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Kazakhstan

Facilities

Last Updated: June, 2014

Biological

The below entries provide analytical descriptions of selected biological facilities in Kazakhstan. Since definitive information on Kazakhstan's biological facilities is often classified, the descriptions and locations of these facilities are sometimes speculative, based on the most credible available open source material. Entries are regularly updated as further information becomes available.

Facilities Descriptions

Nuclear

Around 15 to 20% of the world's explored uranium reserves are in Kazakhstan. [1] The country is the world's largest producer of uranium, surpassing Canada and Australia in 2009. In 2011, Kazakhstan mined 35% of the world's natural uranium supply. The country plans to substantially increase mining production in the next decade by opening 16 new mines. [2] Kazatomprom, a state-owned corporation in control of the country's nuclear industry, plans to increase its profile in the world nuclear industry by providing more fuel cycle-related services; Kazatomprom's goal is to supply 30% of the world's fuel fabrication market by 2015. [3]

Kazakhstan played a key role during the Soviet era as a supplier and processor of uranium. Uranium was mined throughout the country and processed at Kazakhstan's Tselinnyy Mining and Chemical Combine and the Prikaspiyskiy Mining and Metallurgy Combine as well as at the Kara Balta Ore Mining Combine in Kyrgyzstan and Vostokredmet's Combine No. 6 in Tajikistan. Kazakhstan currently produces uranium dioxide pellets for nuclear fuel at Ulba Metallurgy Plant in the city of Ust-Kamenogorsk. In summer 2008, Kazakhstan and Canada (Cameco) established a joint venture to construct a uranium conversion facility at the Ulba Metallurgy Plant.

Russia and Kazakhstan are actively pursuing cooperation in the nuclear industry. At a January 2006 summit, leaders of the two countries agreed to work out a plan by May 2006 for the integration of their nuclear industries, especially with respect to the Zarechnoye uranium mining venture and Ulba Metallurgy Plant.

Kazakhstan has five nuclear reactors: four research reactors and one power reactor. The National Nuclear Center of the Republic of Kazakhstan is responsible for the country's research reactors, including three at the former Semipalatinsk Test Site and one in Alatau, just outside the former capital of Almaty. The BN-350 power reactor in Aktau was shut down in April 1999. On 26 September 2000, the government of Kazakhstan rejected plans to build a new nuclear power plant at Lake Balkhash. However, on 21 November 2007, Kazakhstan’s Prime-Minister announced plans to construct, jointly with Russia, a new power plant in Aktau, which will host two 300 MWt reactor units. Kazatomprom and Russia’s Atomstroyeksport have established a joint venture, Atomnye Stantsii, to design and build medium-power reactors based on the VBER design.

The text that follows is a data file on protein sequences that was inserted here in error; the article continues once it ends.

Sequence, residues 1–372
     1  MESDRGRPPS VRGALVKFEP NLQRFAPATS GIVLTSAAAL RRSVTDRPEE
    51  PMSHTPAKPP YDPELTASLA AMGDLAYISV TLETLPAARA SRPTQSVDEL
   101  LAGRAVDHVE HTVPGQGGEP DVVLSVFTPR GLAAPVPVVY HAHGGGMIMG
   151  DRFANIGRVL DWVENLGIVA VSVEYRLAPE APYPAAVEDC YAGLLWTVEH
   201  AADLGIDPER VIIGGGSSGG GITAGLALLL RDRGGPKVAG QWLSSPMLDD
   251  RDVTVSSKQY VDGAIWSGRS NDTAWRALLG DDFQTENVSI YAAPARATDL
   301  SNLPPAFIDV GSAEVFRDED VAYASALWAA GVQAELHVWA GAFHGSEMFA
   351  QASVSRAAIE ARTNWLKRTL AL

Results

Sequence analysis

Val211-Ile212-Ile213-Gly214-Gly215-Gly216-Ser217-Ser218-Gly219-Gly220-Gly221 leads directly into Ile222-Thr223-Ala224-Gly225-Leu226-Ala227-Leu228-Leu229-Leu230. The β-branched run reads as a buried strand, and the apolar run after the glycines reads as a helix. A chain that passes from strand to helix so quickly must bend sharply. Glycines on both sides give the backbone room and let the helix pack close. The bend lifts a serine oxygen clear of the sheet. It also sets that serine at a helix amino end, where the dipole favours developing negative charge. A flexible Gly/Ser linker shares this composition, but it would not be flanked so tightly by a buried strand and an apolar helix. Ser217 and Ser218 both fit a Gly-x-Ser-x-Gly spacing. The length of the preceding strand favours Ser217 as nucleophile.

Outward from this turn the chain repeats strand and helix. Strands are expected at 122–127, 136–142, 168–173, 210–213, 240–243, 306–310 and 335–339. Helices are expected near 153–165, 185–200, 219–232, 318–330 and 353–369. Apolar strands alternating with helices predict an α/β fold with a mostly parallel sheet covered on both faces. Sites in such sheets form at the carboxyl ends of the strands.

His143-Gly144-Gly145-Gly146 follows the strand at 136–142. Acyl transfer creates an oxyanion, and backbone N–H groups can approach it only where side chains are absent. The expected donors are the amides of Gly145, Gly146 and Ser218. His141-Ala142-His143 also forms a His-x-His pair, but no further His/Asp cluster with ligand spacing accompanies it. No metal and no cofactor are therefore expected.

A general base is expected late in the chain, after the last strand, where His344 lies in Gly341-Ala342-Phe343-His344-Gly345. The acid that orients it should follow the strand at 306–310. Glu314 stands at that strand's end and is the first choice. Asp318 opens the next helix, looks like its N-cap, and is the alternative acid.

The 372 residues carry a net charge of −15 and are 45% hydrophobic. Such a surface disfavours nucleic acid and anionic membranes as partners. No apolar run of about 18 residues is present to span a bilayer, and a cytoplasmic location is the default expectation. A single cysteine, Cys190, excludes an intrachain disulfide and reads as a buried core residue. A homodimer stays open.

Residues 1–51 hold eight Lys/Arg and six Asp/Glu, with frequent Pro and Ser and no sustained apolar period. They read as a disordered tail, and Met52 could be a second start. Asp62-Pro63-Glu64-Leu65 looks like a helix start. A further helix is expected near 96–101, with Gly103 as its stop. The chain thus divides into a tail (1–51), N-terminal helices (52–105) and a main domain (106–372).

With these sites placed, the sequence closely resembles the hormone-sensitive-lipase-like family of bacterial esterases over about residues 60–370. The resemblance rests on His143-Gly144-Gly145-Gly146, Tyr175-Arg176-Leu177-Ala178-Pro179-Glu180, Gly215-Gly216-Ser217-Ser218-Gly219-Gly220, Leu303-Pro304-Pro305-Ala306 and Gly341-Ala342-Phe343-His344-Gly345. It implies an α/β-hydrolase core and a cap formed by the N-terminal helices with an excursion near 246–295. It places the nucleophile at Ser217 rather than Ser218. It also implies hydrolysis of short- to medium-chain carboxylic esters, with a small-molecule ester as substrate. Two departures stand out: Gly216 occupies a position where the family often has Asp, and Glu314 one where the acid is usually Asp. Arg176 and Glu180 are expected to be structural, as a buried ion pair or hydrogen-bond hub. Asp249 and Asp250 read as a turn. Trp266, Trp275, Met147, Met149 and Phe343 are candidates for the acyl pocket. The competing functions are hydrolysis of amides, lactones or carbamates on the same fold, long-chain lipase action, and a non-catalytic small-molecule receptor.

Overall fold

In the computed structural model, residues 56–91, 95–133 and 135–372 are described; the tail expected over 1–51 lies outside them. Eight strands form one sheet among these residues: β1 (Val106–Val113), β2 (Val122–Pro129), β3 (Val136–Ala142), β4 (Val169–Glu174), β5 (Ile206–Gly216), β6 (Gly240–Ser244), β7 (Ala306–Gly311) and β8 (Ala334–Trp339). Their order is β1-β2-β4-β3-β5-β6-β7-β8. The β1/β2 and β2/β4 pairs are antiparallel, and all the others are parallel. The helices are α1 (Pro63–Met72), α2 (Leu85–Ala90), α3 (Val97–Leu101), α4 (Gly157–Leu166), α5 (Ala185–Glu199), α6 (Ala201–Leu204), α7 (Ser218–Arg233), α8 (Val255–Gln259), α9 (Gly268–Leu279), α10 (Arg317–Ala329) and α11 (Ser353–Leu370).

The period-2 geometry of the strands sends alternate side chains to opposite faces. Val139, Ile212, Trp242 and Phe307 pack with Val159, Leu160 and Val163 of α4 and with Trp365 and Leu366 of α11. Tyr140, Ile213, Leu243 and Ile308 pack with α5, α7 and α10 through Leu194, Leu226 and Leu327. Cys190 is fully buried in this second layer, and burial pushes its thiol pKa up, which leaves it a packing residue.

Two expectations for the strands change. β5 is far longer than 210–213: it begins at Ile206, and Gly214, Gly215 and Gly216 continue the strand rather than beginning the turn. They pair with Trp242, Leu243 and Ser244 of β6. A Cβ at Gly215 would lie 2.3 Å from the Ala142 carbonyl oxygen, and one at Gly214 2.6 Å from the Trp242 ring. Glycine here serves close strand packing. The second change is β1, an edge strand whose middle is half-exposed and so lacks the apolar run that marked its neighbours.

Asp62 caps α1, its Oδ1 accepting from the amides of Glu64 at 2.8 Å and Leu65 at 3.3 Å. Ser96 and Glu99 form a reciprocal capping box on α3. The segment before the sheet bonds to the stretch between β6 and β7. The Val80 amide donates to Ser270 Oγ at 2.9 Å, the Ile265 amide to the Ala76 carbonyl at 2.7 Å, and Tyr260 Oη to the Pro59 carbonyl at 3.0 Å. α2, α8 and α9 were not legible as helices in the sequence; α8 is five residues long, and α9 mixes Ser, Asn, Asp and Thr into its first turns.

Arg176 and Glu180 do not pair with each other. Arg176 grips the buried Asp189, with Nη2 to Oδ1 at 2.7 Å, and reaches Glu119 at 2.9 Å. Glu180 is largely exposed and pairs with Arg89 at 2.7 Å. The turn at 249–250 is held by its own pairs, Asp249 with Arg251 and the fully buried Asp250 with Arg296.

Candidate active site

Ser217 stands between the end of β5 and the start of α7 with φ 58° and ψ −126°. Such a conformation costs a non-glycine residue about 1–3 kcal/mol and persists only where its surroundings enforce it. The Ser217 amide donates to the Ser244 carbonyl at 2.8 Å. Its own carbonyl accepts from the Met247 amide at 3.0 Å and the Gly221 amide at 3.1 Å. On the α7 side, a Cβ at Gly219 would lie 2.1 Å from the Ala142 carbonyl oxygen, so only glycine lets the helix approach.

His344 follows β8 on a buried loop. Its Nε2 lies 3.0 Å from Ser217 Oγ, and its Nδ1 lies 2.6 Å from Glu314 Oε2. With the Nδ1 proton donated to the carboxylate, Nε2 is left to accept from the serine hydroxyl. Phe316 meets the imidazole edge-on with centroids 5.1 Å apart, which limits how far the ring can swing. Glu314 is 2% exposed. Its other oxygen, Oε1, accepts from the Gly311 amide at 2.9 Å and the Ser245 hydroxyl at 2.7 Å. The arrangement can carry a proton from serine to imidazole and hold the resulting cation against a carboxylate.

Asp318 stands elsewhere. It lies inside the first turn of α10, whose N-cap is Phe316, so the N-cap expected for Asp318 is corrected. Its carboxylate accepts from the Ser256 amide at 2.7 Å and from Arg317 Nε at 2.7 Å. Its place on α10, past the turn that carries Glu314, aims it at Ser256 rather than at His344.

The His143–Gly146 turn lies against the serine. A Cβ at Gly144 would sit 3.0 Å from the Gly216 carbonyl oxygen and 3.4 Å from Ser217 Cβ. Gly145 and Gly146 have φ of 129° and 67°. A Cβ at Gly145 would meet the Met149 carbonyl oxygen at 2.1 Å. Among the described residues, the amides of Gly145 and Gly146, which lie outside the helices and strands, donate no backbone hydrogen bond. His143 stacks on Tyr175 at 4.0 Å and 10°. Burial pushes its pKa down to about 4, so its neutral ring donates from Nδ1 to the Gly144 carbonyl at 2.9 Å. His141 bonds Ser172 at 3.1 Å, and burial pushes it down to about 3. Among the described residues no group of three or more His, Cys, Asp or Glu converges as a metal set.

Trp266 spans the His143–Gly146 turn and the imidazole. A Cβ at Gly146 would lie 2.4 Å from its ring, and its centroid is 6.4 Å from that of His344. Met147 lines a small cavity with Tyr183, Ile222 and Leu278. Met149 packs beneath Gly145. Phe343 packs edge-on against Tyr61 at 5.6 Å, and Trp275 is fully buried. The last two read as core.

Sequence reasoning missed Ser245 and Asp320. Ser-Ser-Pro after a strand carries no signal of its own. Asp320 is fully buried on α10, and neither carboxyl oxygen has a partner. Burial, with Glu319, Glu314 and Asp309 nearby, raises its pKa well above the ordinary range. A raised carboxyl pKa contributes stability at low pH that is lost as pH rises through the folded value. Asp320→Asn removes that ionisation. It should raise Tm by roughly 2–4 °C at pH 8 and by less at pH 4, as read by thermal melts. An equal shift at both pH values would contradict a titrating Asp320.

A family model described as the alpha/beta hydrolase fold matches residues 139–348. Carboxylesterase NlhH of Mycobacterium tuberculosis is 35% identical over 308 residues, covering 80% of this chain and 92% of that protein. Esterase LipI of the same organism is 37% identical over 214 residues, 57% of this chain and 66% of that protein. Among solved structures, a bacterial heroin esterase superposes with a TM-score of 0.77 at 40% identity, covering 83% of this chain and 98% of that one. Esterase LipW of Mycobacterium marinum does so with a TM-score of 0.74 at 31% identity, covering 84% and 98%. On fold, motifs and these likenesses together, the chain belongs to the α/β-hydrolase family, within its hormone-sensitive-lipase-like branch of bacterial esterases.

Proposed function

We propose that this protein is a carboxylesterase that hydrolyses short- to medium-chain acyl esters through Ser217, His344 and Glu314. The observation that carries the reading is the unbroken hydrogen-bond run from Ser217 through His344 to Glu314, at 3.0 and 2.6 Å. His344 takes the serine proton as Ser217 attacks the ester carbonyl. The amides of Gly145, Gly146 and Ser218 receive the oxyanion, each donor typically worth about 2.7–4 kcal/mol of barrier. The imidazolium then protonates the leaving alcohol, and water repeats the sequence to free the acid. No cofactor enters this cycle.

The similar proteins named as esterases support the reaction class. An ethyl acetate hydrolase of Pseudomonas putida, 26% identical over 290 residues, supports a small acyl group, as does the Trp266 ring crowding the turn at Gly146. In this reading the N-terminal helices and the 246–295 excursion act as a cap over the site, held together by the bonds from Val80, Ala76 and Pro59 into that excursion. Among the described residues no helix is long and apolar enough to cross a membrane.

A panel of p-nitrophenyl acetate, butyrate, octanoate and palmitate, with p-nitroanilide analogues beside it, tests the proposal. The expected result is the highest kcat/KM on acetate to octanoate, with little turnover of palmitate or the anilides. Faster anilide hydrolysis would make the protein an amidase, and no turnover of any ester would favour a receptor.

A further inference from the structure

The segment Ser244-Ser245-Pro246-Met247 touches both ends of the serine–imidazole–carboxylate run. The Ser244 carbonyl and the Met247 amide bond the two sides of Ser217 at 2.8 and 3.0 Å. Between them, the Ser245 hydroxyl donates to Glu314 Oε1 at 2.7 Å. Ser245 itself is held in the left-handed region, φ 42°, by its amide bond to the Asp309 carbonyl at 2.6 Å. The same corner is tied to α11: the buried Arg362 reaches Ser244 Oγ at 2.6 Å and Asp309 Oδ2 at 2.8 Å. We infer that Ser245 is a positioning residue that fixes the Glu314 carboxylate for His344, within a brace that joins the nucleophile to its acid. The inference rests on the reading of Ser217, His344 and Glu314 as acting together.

Kazakhstan has several radioactive waste sites, including a storage facility for high-activity waste at the former Semipalatinsk Test Site.

When the Soviet Union collapsed in December 1991, Kazakhstan inherited 1,410 nuclear warheads deployed on RS-20 [NATO designation SS-18 'Satan'] missiles and Tu-95 [Bear] heavy bombers. [4, 5] The Kazakhstani parliament approved the ratification of the START I Treaty on 2 July 1992. [6] Kazakhstan formally acceded to the Nuclear Non-Proliferation Treaty (NPT) on 14 February 1994 and transferred its last nuclear warhead to Russia in April 1995. [7, 8]

Sources:
[1] "World Uranium Mining," World Nuclear Association, May 2012, www.world-nuclear.org.
[2] "Uranium Mining," Kazatomprom National Atomic Company, www.kazatomprom.kz.
[3] "Uranium and Nuclear Power in Kazakhstan," World Nuclear Association, May 2012, www.world-nuclear.org.
[4] "The Politics of Renunciation: The Cases of Belarus, Kazakhstan, and Ukraine," Occasional Paper No. 22, Henry L. Stimson Center, www.stimson.org, April 1995, p. 5.
[5] Richard G. Lugar, Nunn-Lugar: The Past as a Guide to the Future, presentation at NISNP Conference Assessing U.S. Dismantlement and Nonproliferation Assistance Programs in the Newly Independent States, Monterey, CA, 13 December 1999.
[6] Bureau of Nonproliferation, "START I: Lisbon Protocol and the Nuclear Nonproliferation Treaty," US State Department, www.state.gov, 14 February 1995.
[7] "US Congratulates Kazakhstan for Removal of Nuclear Weapons," Nicholas Burns statement, US Department of State, www.state.gov, 26 May 1995.
[8] US Department of State Daily Press Briefing, US Department of State, www.state.gov, 26 May 1995.

Facilities Descriptions

Missile- Space Launch & Missile Test Facility
Nuclear-Conversion
Nuclear-Power Reactor
Nuclear-Research and Development
Nuclear-Storage
Get the Facts on Kazakhstan
  • Transferred 1,410 nuclear warheads to Russia following the Soviet collapse
  • Over 10,000 kg of HEU and 3,000 kg of Pu leftover from the Soviet era remain on Kazakh territory
  • Once home to the world's largest anthrax production facility at Stepnogorsk

This material is produced independently for NTI by the James Martin Center for Nonproliferation Studies at the Middlebury Institute of International Studies at Monterey and does not necessarily reflect the opinions of and has not been independently verified by NTI or its directors, officers, employees, or agents. Copyright 2017.